Percy Bysshe Shelley was born 4 August 1792 in Horsham, England. He was the first of seven children (two died as babies) born to Elizabeth Pilfold Shelley and her husband, a Whig Parliamentarian named Sir Timothy Shelley. As the son of a Member of Parliament who stood to inherit a sizeable income, Shelley attended only the best schools. In 1804, at the age of twelve, he went off to Eton College, the boys' boarding school. The other boys teased him mercilessly. Shelley was a classic bully target - bookish, awkward, dainty in appearance. Having grown up with only sisters - his one brother wasn't born until 1804, two years after Shelley left for Eton - he had no idea how to play sports or do anything boys normally liked to do. A natural introvert, Shelley's torment at school only caused him to retreat deeper into his mind.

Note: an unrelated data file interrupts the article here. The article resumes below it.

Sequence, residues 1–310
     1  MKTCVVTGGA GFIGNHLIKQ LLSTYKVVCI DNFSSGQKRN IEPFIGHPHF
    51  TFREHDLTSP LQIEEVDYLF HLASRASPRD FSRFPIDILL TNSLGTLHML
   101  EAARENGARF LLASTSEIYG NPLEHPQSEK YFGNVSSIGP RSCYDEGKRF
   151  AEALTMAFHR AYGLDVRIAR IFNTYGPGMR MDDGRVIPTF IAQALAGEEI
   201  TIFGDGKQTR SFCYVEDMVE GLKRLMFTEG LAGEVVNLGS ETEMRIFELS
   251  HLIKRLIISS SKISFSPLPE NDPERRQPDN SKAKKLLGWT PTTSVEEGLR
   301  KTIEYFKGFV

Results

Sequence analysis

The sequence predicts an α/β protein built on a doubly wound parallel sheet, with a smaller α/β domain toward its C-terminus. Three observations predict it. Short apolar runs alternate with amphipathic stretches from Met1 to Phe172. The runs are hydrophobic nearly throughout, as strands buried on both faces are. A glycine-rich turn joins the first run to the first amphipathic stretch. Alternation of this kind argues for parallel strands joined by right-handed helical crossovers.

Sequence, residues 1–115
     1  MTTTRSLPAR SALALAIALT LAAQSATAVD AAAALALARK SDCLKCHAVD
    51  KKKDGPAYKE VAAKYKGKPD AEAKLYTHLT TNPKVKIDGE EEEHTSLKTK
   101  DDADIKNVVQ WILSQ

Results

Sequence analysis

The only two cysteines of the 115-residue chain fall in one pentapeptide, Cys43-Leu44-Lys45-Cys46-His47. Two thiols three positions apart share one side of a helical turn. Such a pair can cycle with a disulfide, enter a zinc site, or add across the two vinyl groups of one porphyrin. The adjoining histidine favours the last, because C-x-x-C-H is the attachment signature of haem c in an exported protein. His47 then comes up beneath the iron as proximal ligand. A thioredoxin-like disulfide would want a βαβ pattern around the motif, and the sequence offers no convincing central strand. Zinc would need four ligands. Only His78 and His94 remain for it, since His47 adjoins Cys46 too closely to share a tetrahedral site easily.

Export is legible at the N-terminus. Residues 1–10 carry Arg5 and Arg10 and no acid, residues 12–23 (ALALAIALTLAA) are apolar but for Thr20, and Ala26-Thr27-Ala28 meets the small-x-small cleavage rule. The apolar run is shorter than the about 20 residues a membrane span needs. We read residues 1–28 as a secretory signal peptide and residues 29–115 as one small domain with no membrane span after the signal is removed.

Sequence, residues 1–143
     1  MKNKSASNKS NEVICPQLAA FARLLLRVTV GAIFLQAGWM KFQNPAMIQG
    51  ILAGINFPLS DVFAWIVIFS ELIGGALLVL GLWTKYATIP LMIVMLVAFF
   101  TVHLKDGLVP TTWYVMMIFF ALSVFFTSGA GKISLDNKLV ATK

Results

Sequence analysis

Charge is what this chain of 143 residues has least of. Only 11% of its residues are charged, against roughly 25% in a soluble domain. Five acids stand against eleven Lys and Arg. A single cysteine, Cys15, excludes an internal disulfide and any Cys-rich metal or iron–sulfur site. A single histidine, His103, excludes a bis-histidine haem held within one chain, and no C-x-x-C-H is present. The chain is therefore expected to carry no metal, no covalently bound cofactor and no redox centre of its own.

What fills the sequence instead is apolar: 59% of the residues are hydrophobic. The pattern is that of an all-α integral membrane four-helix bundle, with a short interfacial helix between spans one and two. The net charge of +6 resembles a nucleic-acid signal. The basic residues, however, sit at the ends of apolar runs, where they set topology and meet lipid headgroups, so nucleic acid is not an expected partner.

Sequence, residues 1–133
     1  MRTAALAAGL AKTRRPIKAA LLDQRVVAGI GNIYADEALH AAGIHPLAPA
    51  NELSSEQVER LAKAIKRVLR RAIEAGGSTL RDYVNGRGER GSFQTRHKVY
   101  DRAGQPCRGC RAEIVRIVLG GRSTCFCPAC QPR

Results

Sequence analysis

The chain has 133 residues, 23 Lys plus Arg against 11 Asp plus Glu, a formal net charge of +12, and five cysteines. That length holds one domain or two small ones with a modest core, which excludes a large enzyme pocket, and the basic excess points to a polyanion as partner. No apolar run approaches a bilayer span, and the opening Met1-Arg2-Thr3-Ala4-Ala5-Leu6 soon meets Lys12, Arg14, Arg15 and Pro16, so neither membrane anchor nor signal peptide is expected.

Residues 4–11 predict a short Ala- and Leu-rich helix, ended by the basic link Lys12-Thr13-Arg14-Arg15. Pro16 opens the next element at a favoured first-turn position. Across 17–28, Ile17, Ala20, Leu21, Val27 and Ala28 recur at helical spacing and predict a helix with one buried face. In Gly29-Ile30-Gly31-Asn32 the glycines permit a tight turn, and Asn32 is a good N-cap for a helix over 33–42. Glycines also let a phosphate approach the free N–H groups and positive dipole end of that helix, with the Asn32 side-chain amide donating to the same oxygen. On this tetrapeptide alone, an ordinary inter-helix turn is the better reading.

In 1810, Shelley enrolled at University College, Oxford, to begin his spectacularly unsuccessful college career. "Oxonian society was insipid to me, uncongenial with my habits of thinking," Shelley wrote dismissively of the school. "I could not descend to common life: the sublime interest of poetry, lofty and exalted achievements, the proselytism of the world, the equalization of its inhabitants, were to me the soul of my soul." (Ah, a social experiment of a marriage! It's the dream - right, girls?) Harriet gave birth to their first daughter, Ianthe, on 23 June 1813.